Steps down from the driveway and water running toward the house

She asked, "Could you perhaps add a few curves"?

She asked, “Could you perhaps add a few curves”?

The design request was not only to build a useable and visually pleasing entrance to the back door and down to the pool deck, but to also work everything into one of the nicest gardens I have seen in my thirty odd years of landscaping design and installation. The project also had to deal with a myriad of water issues.  I took the pictures above and then went home to sleep on it.  I tried a nap but found it insufficient.  I then slept on it for two or three nights before showing up with my measuring and drawing materials.  I knew that a drawing would be essential, and after several false starts I came up with this:

Driveway entrance from the lower end of the drawing to door at the upper end. Lots of curves and planting areas.  Brilliant?

Driveway entrance from the lower end of the drawing to door at the upper end. Lots of curves and planting areas. Brilliant?

I wanted to get rid of as many steps as possible and to build a practical landing at the back door that would allow a person to open the door without having to back up and step down.  This called for a six foot by four foot  platform landing.  To do this, we measured and built up a level base with concrete blocks.  We formed in the steps and added a flagstone veneer. The level of the walkway was also raised so that water would run toward the driveway instead of toward the house.

This makes it easier to open the door and creates a place to set the groceries.

This makes it easier to open the door and creates a place to set the groceries.

Years ago, I had made a mold for a butterfly stepping stone and given it to a friend.  A few days before starting this project, I found that the friend didn’t appreciate the gift and was keeping his garbage can on top of it so I repossessed it.  I didn’t know what to do with the stepping stone, but when I showed it to the client she asked if it could be inserted into the flagstone.  I was delighted.  Not only would the butterfly occupy a place of honor but my ego had been returned to the right level.  I really thought it came out nice.

I was happier having the butterfly here than under a trash can

I was happier having the butterfly here than under a trash can

Building with flagstone is both a skill and an art form. Installing flagstone veneer for a walkway is not quite as straightforward a job as laying tile or brick.  The installer is working with lots of variables such as shape and thickness of the block and maintaining a level without what I call “toe stumpers” (or little protrusions that catch the front end of a shoe).  The base for the project must be prepared with the thickness of the thickest stone in mind and then the stones are chosen for size and fit before being laid perfectly flat but not totally level (providing for water run off).  The first stage looks like this:

At this point a lot of careful work has been done.  Filling in the joints will tie everything together.

At this point a lot of careful work has been done. Filling in the joints will tie everything together.

When all of the flagstone surfaces have been carefully put into place and everything has been meticulously checked, we wait for the base mortar to dry.  The next step is to “pour the joints”.  This done with the use of a canvas bag that is not unlike a cake decorator bag.  It takes practice and skill to get it just right.  You will notice that the cement at this point sticks up above the surface of the rock.  This is essential for a good joint.

Pouring the joints.This takes practice, time, and care.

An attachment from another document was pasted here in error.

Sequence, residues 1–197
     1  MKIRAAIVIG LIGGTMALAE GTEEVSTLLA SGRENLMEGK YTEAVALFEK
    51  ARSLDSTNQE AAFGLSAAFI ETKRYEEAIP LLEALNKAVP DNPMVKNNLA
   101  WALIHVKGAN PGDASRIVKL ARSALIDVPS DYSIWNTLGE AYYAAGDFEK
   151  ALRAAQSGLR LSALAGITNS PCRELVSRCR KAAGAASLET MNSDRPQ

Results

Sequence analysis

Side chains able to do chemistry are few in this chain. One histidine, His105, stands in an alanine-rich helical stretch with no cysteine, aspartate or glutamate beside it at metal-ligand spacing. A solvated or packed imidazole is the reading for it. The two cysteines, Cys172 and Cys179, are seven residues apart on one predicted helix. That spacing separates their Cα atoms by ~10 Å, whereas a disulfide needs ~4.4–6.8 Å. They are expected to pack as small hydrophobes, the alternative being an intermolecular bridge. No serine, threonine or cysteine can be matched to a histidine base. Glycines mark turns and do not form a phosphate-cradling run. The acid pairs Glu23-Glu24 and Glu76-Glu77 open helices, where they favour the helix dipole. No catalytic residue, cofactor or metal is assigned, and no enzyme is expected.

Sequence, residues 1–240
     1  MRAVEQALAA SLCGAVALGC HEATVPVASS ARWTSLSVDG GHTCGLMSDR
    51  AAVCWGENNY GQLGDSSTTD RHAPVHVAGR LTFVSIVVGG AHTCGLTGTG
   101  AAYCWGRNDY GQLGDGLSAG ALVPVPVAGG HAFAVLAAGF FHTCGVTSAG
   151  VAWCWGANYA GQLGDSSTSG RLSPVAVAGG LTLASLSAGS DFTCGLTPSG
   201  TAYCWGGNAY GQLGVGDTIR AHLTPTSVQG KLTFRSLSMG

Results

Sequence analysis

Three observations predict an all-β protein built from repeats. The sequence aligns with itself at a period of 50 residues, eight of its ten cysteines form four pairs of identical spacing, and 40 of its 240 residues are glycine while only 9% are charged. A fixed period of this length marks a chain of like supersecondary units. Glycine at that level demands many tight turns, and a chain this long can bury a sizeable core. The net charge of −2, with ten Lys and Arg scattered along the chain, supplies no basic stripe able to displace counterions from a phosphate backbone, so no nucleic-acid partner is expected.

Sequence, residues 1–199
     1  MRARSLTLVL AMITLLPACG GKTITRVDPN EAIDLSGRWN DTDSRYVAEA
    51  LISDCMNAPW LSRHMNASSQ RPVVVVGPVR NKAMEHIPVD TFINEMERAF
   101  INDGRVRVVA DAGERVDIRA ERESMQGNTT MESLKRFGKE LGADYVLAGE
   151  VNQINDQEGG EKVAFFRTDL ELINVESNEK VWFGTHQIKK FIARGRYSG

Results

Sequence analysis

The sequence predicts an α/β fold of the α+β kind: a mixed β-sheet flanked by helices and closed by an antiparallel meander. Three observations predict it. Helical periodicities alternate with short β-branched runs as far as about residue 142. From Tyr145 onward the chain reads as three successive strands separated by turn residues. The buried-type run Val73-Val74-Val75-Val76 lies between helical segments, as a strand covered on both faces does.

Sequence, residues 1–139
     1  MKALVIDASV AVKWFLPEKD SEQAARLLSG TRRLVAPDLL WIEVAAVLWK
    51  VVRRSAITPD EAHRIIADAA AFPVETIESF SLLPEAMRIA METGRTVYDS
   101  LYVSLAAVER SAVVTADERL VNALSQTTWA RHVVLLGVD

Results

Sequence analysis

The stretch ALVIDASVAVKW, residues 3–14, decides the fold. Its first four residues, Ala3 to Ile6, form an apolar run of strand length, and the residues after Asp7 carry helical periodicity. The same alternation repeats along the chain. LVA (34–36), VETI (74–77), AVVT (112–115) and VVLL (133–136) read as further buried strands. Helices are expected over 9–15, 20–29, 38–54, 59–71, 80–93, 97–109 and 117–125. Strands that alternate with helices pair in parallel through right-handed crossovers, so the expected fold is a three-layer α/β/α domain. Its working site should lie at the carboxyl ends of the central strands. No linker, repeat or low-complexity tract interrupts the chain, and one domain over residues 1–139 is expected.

Pouring the joints. This takes practice, time, and care.

Waiting for the joints to dry--not too dry, not too wet.

Waiting for the joints to dry–not too dry, not too wet.

After all of the joints and crevasses have been filled and when the cement mixture has reached the perfect point of curing-not too dry and not too wet- the excess is carefully scraped off with a trowel making the entire surface smooth and walkable.  After scraping the joints, the entire surface is covered with a thin layer of sand and rubbed down with rags, taking off the excess cement and cleaning the project so that it looks like this:

Nice and smooth.  I love the random patterns in the rock.

Nice and smooth. I love the random patterns in the rock.

Mike Hutchins shows up with a dump truck load of the finest compost which he makes for me.  We will use this to fill in and to build rock gardens as we finish.  This compost is so good you can stick in pencils and grow erasers.

Magnificent!  There must be a pony in here somewhere.

Magnificent! There must be a pony in here somewhere.

As we raised the level of the walkway, we were careful to put in a drainage pipe to keep the entrance bed from filling up with water.  On any landscaping job, water is the boss.

We had the forsight to add a drain pipe at the start.  This was learned through hard experience.

We had the forsight to add a drain pipe at the start. This was learned through hard experience.

Field stone is placed around the edge for a raised garden bed.  I felt like the field stone would give an added juxtaposition of color and texture.  I can’t wait to see it planted.

A fieldstone flower bed border will add a juxtaposition of color and texture.

A fieldstone flower bed border will add a juxtaposition of color and texture.

The client was excited as her planting areas started taking shape and she felt comfortable pointing out little details that she would like to see as the field stone was installed.  I always enjoy such input as the job progresses because it provides for more thought, more comments, and therefore for more creativity.  It makes for a happy working environment and this helps us to end up with a happy garden.  I like a happy garden.

She observes, "a curve is more difficult than a straight line, but well worth the effort".

She observes, “a curve is more difficult than a straight line, but well worth the effort”.

John the plant man’s blog will have the rest of the story next week.  Of course, it may only be a part of the rest of the story.  Next week we will install shelves by the back door for potted plants. Then we will build rock terraces and fill the area from the walk to the landing, installing irrigation as we go..

It will never be finished, though.  A good garden is never finished.  Stay in touch.

To view part two of this article click here

Turn your friends on to this site.  Leave your comments and questions.  I am always looking for a new topic to write about.

You may see the adventures of Johntheplantman in the book Requiem for a Redneck by John P. Schulz (Illustrated by my son, J.R. Schulz) at

http://www.amazon.com/dp/B00FOAJCGO

You may also wish to read the reviews on Amazon:

http://www.amazon.com/Requiem-Redneck-John-P-Schulz/dp/0981825206/

Funny, philosophical, and poignant.

Funny, philosophical, and poignant.